Organ Donation & Transplantation from deceased donors in India – An Overview
Transplantation over the past few decades has gradually become the accepted treatment for a number of conditions where organs like the kidneys, heart, lungs and liver have irreversibly failed. For a patient with kidney failure an alternative such as dialysis is available till an organ becomes available, but for a patient with liver, heart or lung failure the only hope of living may be to have an immediate transplant. Are we doing enough to help these critically ill patients whose numbers are constantly on the increase? What is the current status of different transplants in India and what are we doing to help these patients?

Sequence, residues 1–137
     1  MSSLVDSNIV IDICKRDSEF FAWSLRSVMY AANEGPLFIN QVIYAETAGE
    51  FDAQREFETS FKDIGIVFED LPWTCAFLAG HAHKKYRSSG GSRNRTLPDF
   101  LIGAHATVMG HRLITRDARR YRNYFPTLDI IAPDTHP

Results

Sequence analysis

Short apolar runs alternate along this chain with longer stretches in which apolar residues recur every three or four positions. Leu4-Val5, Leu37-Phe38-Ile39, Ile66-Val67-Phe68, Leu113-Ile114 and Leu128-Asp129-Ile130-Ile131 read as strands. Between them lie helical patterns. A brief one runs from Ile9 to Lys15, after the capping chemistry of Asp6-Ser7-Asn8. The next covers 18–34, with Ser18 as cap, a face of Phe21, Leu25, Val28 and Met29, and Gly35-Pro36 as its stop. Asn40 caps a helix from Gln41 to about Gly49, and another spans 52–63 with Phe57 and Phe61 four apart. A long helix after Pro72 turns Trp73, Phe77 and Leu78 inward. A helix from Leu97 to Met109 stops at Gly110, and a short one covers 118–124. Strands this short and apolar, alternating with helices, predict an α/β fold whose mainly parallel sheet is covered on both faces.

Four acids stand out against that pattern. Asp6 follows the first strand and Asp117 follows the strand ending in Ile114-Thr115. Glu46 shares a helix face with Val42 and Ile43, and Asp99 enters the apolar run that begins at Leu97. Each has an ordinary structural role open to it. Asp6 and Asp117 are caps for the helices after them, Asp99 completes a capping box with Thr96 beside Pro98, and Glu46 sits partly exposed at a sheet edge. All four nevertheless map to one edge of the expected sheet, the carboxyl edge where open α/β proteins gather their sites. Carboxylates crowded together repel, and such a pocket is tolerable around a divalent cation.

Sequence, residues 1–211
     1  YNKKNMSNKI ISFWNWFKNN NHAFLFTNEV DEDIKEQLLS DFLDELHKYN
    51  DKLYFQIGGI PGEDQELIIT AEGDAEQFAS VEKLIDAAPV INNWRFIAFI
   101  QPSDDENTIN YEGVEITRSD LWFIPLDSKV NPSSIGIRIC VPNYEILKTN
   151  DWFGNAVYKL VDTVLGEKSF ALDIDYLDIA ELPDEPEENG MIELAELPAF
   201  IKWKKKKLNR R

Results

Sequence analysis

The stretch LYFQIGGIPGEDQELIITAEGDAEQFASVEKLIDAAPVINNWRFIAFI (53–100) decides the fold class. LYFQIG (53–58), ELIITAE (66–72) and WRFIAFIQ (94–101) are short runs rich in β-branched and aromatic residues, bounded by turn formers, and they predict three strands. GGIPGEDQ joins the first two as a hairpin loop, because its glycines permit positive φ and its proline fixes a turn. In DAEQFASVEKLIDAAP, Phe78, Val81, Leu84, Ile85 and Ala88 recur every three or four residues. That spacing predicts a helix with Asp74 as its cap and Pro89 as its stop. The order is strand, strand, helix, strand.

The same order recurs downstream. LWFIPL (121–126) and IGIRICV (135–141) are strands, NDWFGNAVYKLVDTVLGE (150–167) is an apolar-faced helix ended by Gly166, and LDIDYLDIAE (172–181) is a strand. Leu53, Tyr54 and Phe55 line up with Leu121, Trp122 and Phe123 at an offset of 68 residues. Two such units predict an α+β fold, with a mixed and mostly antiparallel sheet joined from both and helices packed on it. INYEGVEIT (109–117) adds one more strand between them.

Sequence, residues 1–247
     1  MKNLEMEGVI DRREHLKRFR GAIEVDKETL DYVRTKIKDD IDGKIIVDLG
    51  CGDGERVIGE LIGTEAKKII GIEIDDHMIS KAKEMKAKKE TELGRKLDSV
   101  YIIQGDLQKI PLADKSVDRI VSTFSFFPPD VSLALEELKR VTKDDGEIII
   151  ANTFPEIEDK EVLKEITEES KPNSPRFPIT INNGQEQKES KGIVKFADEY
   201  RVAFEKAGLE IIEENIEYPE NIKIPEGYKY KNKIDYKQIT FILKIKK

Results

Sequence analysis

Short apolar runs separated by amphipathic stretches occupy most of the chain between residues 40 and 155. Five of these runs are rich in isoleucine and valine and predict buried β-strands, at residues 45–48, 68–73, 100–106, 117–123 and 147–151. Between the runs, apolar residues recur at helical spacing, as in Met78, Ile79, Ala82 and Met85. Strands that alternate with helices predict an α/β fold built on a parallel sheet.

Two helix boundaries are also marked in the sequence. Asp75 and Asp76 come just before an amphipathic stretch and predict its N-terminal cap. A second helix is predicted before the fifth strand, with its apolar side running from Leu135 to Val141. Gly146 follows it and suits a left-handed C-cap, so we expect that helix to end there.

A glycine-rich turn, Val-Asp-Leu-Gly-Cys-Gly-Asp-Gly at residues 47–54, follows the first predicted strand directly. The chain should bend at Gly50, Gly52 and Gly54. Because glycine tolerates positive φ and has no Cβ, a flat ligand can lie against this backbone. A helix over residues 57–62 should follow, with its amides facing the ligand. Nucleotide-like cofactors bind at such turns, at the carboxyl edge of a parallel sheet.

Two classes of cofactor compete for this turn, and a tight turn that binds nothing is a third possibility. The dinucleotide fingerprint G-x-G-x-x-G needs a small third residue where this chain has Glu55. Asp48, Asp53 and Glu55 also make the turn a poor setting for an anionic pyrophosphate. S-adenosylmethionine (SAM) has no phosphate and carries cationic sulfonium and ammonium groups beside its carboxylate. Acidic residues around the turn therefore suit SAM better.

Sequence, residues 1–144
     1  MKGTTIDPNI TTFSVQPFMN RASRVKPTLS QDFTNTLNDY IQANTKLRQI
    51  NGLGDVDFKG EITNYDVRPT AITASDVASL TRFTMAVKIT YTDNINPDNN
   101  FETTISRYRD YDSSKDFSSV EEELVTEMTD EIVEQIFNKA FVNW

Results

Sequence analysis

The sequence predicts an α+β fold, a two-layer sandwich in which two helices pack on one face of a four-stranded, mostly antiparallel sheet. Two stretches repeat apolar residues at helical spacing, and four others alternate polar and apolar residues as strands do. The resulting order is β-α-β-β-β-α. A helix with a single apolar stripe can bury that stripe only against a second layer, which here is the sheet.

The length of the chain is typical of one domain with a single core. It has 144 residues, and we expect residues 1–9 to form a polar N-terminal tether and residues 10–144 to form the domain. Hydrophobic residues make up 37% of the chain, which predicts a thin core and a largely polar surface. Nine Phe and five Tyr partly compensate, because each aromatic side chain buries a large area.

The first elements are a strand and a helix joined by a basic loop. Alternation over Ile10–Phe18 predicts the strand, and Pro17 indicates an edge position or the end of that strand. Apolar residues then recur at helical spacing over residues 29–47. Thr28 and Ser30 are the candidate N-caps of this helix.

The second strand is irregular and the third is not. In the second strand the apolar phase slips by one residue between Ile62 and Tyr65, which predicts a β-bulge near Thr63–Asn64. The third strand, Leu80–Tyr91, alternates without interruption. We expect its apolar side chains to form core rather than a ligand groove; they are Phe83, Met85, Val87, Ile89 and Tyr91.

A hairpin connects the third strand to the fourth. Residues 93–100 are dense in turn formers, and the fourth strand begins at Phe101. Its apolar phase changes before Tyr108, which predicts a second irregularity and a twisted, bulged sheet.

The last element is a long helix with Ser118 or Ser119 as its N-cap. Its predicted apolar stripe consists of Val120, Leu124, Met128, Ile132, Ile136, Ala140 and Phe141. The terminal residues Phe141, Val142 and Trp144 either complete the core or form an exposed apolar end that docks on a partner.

In 2013, the national deceased donation rate was 0.26 per million population per year (313 donors) compared to 0.16 per million population in 2012.3,4
Tamil Nadu leads the way in deceased organ donation.5It had 131 deceased donors in 2013 and a total of 571 deceased donors from October 2008 till 31st December 2014. As a result 3138 organs and tissues have been transplanted in the state.
From 2000 to 2009, MOHAN Foundation, a registered not-for-profit organization, was responsible for initiating an organ sharing network (waiting list registry) in Tamil Nadu and Andhra Pradesh. Through this initiative 1033 organs and tissues were retrieved.
This web-based recipient waiting list registry has been adopted by Tamil Nadu (www.tnos.org) and Kerala (www.knos.org) and more recently by Rajasthan (www.rnos.org).